Parenthetically this also explains why there's grade inflation. If you have only 10 candidates for a job, then they don't need to all have 4.0 GPAs. If you have a 100, then GPA is an easier way to at least screen out a bunch of them.

But are we seriously considering that there are less types of jobs these days compared to others?

I also wanted to find an estimate of "employees per jobs advertised" to get a sense of whether people are indeed applying for way more jobs today and making everything much more competitive, but wasn't able to get much data here. If anyone has a view would love it!

Demographics and a change in natural birth and death of industries changes wage distribution

So a few things have happened in the past 70 years. The labour force is aging, especially once you cut it by race. The cut by educational attainment is ever sharper, with those who have less education essentially locked out of the economy pretty much.

The takeaway here is that if the workforce is aging, and if the industry mix is simultaneously shifting, then the ability of the workforce to flex and enter the "growing industry" from the "falling industry" will be minimal. Which means a lot of them will get locked into a wage spiral since there just isn't enough demand for their jobs.

There's also the shift in industries themselves over time, as can be seen in the CPS industry recoding data, broadly showing how the Professional, Services and Management jobs have had the most significant changes. This also stands up to intuition, which is a nice add-on, and also shows why flexibility in moving into or out of these jobs isn't as easy as the others where skill levels might have been more fungible. Most importantly it shows a polarisation amongst the occupational types and styles that have emerged.

For instance, consider the proverbial coal miner and the software engineer. If coal is declining, as it is, and software is growing, as it is, there's very limited ability for him to switch from one to the other. If you're a 21 year old coal miner maybe this wasn't as big a problem. But when you're a 40 year old coal miner, you're not really going to be kombucha-ready in a few short lessons. So you're stuck.

Can't coal miners just ask for more money since their labour is scarce? Not really, since 1) it's not scarce enough, and 2) they're still replaceable as coal itself is declining.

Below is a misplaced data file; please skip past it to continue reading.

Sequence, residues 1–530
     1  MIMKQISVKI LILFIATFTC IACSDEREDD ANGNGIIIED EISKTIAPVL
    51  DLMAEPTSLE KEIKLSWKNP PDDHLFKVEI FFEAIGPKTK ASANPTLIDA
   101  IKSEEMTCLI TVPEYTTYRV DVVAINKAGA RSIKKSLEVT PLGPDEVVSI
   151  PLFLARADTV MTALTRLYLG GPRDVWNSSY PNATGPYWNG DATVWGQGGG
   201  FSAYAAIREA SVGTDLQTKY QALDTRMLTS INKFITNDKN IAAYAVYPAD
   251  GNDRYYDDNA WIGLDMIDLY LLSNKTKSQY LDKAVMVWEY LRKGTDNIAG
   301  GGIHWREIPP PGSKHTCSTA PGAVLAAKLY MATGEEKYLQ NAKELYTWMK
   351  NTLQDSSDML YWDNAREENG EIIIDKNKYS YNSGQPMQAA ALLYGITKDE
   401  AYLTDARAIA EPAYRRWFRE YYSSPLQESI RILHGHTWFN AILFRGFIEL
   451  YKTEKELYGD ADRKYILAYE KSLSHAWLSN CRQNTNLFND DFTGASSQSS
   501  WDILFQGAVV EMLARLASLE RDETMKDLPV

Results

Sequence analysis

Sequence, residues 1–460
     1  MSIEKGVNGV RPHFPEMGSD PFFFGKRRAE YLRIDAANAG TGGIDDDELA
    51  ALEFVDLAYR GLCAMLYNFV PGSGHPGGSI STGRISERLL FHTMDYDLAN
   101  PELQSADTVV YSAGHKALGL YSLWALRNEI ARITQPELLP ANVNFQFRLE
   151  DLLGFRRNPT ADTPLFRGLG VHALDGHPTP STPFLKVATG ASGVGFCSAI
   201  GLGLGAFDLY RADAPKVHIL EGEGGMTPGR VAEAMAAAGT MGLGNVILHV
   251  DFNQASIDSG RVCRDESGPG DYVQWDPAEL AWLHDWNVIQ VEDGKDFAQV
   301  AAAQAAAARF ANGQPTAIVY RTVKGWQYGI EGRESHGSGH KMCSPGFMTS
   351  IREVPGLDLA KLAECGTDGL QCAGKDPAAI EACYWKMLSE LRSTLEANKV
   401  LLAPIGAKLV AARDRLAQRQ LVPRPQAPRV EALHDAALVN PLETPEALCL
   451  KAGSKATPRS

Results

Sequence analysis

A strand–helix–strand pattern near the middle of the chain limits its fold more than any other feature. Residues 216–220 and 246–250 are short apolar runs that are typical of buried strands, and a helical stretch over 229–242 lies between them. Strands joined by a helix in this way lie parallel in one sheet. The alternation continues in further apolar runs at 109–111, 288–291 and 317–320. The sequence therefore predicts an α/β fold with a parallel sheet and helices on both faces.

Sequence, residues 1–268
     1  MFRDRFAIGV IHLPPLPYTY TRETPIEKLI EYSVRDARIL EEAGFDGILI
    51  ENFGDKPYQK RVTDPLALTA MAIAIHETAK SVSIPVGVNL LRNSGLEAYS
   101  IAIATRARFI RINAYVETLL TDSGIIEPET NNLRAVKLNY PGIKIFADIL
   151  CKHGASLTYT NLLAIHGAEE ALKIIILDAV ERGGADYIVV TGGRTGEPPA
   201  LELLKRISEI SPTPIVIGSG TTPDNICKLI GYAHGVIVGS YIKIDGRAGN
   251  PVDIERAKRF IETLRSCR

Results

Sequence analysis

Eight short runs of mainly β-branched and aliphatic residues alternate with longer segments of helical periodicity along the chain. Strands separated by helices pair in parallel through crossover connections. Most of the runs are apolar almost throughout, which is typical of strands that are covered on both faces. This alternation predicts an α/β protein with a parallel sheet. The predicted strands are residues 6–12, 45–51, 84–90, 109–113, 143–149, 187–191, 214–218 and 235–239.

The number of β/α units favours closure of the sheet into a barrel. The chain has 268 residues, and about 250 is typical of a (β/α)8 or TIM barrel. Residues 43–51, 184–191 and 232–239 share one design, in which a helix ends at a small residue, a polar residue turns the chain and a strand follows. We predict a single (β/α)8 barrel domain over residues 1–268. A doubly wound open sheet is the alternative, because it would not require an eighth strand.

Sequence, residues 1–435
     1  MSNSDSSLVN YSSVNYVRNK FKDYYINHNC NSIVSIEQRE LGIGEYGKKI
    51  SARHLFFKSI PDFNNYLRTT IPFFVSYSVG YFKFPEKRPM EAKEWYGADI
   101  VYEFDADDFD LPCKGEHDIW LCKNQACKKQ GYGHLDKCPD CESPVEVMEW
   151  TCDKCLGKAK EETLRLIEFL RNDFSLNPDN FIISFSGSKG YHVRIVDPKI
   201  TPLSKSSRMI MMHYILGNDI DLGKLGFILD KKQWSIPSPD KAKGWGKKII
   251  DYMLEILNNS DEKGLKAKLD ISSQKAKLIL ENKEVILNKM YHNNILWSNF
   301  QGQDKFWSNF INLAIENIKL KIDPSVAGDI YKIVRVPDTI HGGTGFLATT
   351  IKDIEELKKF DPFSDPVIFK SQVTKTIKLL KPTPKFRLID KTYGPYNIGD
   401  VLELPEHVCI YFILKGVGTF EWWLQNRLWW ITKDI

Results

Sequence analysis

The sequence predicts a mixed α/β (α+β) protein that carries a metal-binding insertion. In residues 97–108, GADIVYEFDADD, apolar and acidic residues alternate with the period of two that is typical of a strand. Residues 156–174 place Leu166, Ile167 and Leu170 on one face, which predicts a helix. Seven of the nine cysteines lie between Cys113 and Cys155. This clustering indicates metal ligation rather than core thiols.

Non wage compensation grew like crazy and is actually hidden in the data

From the original study, showing they were smarter than the average bear:

Nonwage benefits as a share of total compensation rose much more rapidly (from 7.2 percent to 18.3 percent) between 1947 and 1979 than thereafter. So, again, if the question at hand is why hourly pay for typical workers tracked economy-wide productivity for decades after World War II and then began diverging in the late 1970s, rising nonwage benefits really cannot be the answer. Nevertheless, we use measures of compensation, including all employer-provided benefits along with wages, in our measurement of “pay.” We do this by taking measures of wages and inflating them by the ratio of compensation to wages that holds economy-wide to convert them to a measure of compensation.

The other form of this is to argue that it's just because we're getting part of the compensation paid in equity.

But there's no way to make that case rationally without seeing like a dolt who's delusional about what the other 99% lives like, so that's left as an exercise to the reader.

General statistical tomfoolery causes all the confusion

For example the data from Fred shows something different in income trends:

For typical workers’ pay, there are really only two deflators that one could make a serious argument for using: the CPI-U-RS (a variant of the standard consumer price index [CPI-U] from the BLS that adjusts for past problems in measuring housing costs) and the price deflator for personal consumption expenditures (PCE) from the BEA.

From the article again:

The fact that the CPI-U-RS has grown faster than the IPD in recent decades simply means that prices of goods and services consumed by households have risen more rapidly than a basket of output in the IPD (a basket that includes these consumption items as well as goods and services purchased by businesses and governments).

This doesn't seem like a statistical problem as much as a reality problem.

One way to test is for us to check if we look at the disposable income charts if that also shows a big drop-off, or whether the growth there makes sense.

And, lo and behold, the vaunted reduction in disposable income rises again.

More complex HR gatekeeping and increasing "standards" like education and regulation

Rise of the licensing industry has spread through the occupations, and effectively strangled a large enough portion of the workforce in expensive requirements and reducing their flexibility.

The larger part of the licensing seems to have happened in industries which have also grown and systematised, like healthcare and law, and while it has had impact on much less critical areas like "Personal care and service" and "Life, physical and social science", it has to be severe indeed to stop wage growth in its tracks. And that's a big assumption.